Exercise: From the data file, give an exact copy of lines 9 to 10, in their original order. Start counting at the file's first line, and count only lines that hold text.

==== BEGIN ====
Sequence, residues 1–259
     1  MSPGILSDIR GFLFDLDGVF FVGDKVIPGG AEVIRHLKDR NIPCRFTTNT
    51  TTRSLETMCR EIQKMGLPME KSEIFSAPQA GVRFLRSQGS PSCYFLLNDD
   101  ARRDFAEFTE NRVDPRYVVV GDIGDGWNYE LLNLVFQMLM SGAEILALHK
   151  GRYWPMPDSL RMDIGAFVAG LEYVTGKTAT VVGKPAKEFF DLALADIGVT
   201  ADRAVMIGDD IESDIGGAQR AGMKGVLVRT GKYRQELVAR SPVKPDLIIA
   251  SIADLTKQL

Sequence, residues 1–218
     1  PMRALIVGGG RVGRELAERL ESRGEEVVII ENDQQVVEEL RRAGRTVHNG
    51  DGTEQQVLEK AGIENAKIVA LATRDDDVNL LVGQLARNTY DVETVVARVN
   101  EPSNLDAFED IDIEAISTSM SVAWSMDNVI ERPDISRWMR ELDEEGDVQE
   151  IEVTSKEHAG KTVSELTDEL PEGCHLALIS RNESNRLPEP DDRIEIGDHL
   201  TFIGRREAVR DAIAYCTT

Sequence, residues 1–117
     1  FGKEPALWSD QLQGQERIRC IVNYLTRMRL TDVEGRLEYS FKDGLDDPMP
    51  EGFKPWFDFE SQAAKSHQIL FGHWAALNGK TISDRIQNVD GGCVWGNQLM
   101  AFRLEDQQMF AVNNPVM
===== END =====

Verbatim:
     1  PMRALIVGGG RVGRELAERL ESRGEEVVII ENDQQVVEEL RRAGRTVHNG
    51  DGTEQQVLEK AGIENAKIVA LATRDDDVNL LVGQLARNTY DVETVVARVN